To correlate the presence of fungi with symptom flares, pain and urinary severity in a prospective, longitudinal study of women with IC/BPS enrolled in the MAPP Research Network.
Flare status, pelvic pain, urinary severity, and midstream urine were collected at baseline, 6 and 12 months from female IC/BPS participants with at least one flare and age-matched participants with no reported flares. Multilocus PCR coupled with electrospray ionization/mass spectrometry was used for identification of fungal species and genus. Associations between "mycobiome" (species/genus presence, relative abundance, Shannon's/Chao1 diversity indices) and current flare status, pain, urinary severity were evaluated using generalized linear mixed models, permutational multivariate analysis of variance, Wilcoxon's rank-sum test.
The most specific analysis detected 13 fungal species from 8 genera in 504 urine samples from 202 females. A more sensitive analysis detected 43 genera. No overall differences were observed in fungal species/genus composition or diversity by flare status or pain severity. Longitudinal analyses suggested greater fungal diversity (Chao1 Mean Ratio 3.8, 95% CI 1.3-11.2, p = 0.02) and a significantly greater likelihood of detecting any fungal species (OR = 5.26, 95% CI 1.1-25.8, p = 0.04) in high vs low urinary severity participants. Individual taxa analysis showed a trend toward increased presence and relative abundance of Candida (OR = 6.63, 95% CI 0.8-58.5, p = 0.088) and Malassezia (only identified in 'high' urinary severity phenotype) for high vs low urinary symptoms.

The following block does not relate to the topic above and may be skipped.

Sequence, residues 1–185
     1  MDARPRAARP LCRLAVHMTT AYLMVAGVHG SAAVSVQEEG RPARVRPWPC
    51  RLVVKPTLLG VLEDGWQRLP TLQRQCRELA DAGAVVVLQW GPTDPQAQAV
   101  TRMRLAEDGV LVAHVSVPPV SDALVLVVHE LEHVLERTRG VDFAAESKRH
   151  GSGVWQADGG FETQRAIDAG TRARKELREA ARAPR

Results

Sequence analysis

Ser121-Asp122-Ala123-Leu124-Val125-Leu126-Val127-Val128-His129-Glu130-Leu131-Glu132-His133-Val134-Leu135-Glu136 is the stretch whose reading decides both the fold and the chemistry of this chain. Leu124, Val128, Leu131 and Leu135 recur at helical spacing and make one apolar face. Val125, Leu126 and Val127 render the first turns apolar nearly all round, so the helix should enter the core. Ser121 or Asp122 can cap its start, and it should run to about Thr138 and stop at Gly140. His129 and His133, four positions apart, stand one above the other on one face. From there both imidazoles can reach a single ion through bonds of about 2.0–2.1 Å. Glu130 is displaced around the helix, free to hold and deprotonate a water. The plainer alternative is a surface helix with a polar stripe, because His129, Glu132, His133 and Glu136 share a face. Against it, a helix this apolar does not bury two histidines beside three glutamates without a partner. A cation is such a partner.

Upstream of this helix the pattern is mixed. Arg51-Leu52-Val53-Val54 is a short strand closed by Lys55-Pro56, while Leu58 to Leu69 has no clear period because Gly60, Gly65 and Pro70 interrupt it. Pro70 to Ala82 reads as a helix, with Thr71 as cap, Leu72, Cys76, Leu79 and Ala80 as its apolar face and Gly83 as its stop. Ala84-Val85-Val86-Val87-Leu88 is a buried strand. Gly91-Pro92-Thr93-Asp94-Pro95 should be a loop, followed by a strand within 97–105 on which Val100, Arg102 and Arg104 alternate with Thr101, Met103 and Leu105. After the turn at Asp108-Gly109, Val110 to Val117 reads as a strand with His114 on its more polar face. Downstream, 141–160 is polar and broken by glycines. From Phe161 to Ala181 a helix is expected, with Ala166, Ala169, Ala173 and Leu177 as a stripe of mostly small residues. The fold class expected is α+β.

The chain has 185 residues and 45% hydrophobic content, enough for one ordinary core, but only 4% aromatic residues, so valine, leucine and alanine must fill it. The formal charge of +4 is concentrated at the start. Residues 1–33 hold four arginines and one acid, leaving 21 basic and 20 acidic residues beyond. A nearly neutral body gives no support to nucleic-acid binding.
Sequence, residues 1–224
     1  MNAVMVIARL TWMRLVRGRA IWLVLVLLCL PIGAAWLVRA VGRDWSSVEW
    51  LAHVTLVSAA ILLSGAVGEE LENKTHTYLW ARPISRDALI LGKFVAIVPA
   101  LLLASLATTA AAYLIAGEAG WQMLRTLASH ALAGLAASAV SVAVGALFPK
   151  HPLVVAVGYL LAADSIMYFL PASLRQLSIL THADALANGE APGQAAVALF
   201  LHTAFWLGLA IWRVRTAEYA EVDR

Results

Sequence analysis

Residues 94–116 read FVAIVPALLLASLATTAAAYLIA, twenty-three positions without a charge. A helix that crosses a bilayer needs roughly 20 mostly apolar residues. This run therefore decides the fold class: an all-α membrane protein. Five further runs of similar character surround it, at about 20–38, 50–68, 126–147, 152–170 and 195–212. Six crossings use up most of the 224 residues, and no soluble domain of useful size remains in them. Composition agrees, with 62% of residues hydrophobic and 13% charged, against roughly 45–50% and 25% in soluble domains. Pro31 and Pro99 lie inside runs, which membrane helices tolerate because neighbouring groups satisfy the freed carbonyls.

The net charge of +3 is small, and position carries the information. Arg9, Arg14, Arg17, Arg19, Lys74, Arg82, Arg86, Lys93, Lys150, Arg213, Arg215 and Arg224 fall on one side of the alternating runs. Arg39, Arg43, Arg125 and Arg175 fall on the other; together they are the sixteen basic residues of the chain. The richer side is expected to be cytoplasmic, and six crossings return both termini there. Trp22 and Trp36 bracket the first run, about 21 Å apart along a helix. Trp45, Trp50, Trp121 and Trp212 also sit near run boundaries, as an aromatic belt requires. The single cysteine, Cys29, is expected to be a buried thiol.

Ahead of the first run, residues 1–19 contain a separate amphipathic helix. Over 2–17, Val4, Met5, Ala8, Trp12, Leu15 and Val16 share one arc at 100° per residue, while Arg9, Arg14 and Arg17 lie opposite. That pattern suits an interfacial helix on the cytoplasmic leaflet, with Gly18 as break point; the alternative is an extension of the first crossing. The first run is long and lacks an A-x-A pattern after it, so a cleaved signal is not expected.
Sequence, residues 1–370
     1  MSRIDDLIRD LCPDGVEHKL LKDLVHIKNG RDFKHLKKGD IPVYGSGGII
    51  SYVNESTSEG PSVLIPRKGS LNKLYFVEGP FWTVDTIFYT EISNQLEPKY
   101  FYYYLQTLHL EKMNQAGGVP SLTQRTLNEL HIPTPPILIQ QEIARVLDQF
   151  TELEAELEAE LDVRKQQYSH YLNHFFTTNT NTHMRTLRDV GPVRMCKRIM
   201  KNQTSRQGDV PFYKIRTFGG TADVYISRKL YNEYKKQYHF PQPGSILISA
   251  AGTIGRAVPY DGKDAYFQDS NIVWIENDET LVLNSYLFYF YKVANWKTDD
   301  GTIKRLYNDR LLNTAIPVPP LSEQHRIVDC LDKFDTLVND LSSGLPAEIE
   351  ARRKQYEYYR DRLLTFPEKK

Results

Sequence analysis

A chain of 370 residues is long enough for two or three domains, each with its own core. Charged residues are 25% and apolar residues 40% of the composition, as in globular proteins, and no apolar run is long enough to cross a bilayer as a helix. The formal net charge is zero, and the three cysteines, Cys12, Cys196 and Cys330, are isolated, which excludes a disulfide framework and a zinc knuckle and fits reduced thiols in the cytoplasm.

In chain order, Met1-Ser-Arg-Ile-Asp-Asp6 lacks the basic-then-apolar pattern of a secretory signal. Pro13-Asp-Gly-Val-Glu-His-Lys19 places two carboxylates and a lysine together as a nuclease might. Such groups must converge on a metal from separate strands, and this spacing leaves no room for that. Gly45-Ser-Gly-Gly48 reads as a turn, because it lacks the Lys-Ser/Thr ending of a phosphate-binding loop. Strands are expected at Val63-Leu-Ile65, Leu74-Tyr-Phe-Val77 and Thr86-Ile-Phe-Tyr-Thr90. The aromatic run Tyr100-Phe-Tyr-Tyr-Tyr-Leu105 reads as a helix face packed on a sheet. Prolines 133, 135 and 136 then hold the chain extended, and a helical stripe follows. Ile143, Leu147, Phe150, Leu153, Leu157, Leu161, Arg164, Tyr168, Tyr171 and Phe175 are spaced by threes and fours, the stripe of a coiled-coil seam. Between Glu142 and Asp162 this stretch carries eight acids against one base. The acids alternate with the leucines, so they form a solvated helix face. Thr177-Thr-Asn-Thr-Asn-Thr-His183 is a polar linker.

This analysis suggests the possibility that greater urinary symptom severity is associated with the urinary mycobiome urine in some females with IC/BPS.
World journal of urology. 2019 Apr 26 [Epub ahead of print]
J Curtis Nickel, Alisa Stephens, J Richard Landis, Chris Mullins, Adrie van Bokhoven, Jennifer T Anger, A Lenore Ackerman, Jayoung Kim, Siobhan Sutcliffe, Jaroslaw E Krol, Bhaswati Sen, Jocelyn Hammond, Garth D Ehrlich, Multidisciplinary Approach to the Study of Chronic Pelvic Pain (MAPP) Research Network
Department of Urology, Queen's University at Kingston, Kingston General Hospital, 76 Stuart Street, Kingston, ON, K7L 2V7, Canada. ., Center for Clinical Epidemiology and Biostatistics, University of Pennsylvania, Philadelphia, PA, USA., National Institutes of Health/NIDDK, Bethesda, MD, USA., Department of Pathology, University of Colorado, Aurora, CO, USA., Division of Urology, Cedars-Sinai Medical Center, Beverly Hills, CA, USA., Department of Surgery, Washington University School of Medicine, St. Louis, MO, USA., Department of Microbiology and Immunology, Drexel College of Medicine, Philadelphia, PA, USA.